A number of years ago when I was volunteering in a drug and alcohol rehab I chatted with a young man who had come from the streets to get off drugs.  He had been at the rehab for a few months and was back to himself being off dope and well fed.  He was reading the Ottawa Citizen and shaking his head.  I asked him what was troubling him.

“Homelessness”, he said, as he cited a very large number of people who were living on the streets in our country.

“That’s a lot of people to have with no place to live”, I said.

“A lot!  That’s not a lot – that’s an ARMY!”, was my young friends retort.  He went on to say;  “They’re all living on the street and they don’t care because nobody cares about them. What happens when they decide they’ve had enough?”

I remember being unsettled by my young friend’s view of ‘the problem of homelessness’.  I saw it as their problem but he saw it as a potentially bigger problem for me.  ‘Me’ – being all of us well fed, well housed and well clothed ‘stake holders’ in society.  There was an ‘army’ at our gates.

Andre Picard’s article in the Globe and Mail reflects on a huge largely ‘silent’ problem that looms in our cities and suburbs.  His  reflections on the terrible violence that erupted at our war memorial points to a potential ‘army at our gates’;

Some of the information that’s emerged about Mr. Zehaf-Bibeau’s interactions with “the system” should give us particular pause. At best, he was a lost soul. At one point, he robbed a McDonald’s using a pointy stick with the aim of being arrested, hoping it would help him kick a drug habit.

There are many other troubled, disenfranchised young men like him. They populate our prisons, our schools and our urban streets, not to mention the basements of many suburban homes, festering away playing Mortal Kombat. Almost none of them will end up being murderers or terrorists, regardless of their mental health status. But it’s still a terrible waste. Our health, education, social welfare and economic systems are failing them.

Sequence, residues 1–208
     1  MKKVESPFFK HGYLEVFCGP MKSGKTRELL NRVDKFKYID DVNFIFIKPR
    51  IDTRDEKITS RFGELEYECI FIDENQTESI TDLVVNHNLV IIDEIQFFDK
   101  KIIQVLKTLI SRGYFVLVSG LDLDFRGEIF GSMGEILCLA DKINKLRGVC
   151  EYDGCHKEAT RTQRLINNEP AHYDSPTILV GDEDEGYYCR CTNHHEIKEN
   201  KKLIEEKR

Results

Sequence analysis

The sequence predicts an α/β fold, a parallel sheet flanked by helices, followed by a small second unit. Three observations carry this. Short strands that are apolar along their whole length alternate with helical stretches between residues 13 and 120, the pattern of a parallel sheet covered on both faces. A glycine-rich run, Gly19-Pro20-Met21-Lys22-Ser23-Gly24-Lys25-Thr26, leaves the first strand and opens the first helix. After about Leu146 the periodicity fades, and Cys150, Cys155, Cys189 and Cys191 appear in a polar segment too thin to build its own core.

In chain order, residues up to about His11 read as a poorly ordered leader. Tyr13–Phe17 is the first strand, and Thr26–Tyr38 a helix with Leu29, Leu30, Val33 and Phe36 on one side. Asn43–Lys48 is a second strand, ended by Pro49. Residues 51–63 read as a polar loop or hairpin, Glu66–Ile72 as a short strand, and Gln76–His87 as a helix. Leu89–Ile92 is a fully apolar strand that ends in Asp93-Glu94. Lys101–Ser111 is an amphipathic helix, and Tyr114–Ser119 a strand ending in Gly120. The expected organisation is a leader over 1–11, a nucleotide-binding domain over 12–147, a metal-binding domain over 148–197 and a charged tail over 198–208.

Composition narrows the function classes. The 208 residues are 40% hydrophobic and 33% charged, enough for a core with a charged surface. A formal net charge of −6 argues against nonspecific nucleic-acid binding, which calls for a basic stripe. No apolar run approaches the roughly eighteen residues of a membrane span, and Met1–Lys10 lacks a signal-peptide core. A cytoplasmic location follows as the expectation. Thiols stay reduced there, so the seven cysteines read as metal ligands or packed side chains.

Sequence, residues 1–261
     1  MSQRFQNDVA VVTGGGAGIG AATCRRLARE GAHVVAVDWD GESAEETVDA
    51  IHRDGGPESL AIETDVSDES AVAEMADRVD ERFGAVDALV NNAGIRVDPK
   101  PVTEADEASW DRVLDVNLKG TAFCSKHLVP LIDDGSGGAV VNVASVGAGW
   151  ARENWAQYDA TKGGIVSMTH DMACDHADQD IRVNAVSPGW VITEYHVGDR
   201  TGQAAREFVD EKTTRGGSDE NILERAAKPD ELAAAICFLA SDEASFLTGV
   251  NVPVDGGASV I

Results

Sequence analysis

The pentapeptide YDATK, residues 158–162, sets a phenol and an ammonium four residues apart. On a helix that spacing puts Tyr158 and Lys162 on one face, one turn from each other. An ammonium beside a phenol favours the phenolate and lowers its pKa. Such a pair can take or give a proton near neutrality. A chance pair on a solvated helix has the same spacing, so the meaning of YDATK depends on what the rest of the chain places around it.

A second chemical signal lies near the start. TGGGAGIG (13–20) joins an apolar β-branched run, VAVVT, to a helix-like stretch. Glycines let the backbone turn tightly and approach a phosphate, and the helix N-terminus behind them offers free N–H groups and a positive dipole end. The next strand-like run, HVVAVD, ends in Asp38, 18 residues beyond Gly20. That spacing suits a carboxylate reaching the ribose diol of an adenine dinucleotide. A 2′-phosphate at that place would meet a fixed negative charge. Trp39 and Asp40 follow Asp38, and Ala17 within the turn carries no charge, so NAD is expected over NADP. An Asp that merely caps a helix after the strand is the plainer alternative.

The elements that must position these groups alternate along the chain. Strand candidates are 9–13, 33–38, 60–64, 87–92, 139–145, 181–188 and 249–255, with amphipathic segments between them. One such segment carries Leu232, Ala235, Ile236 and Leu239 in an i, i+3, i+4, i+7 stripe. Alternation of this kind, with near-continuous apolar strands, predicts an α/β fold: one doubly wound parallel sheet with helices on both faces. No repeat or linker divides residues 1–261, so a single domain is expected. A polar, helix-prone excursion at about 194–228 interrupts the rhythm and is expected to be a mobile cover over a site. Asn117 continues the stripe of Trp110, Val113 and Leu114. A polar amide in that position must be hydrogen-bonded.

As long as these young men are in the basement playing ‘Mortal Kombat’ and raiding mom and dad’s refrigerator they are no threat.  What happens when they are ‘kicked out’ for being lumpish freeloaders or leave the nest because ‘there’s too many rules’.  Many end up on the streets and then they may be recruited into a ‘hellish army’.

CBC news has reported that;  “At least 30,000 Canadians are homeless on any given night” and; “Single adult males between the ages of 25 and 55 account for almost half the homeless population (47.5 per cent).”  (30,000 Canadians are homeless every night, CBC News Posted: Jun 19, 2013)

Andre Picard says compassion is needed as much as increased security.

In disturbing cases like last week, we want easily digestible explanations and quick, effective solutions. Sometimes, though, these don’t exist.

The malaise and desperation that results in young men killing themselves and others is not going to be legislated or policed away. We are going to need at least as much compassion as crackdown.

(We can’t legislate lost souls, André Picard, The Globe and Mail, Published Tuesday, Oct. 28 2014)

Why is. the need for ‘compassion and understanding’ so often an afterthought rather than a proactive measure?  Young men without a home, without a future, without a family are drawn to those who will accept them and give ‘meaning’ to their ‘lives’.

Do the hateful recruiters of invisible terrorist armies know better than us?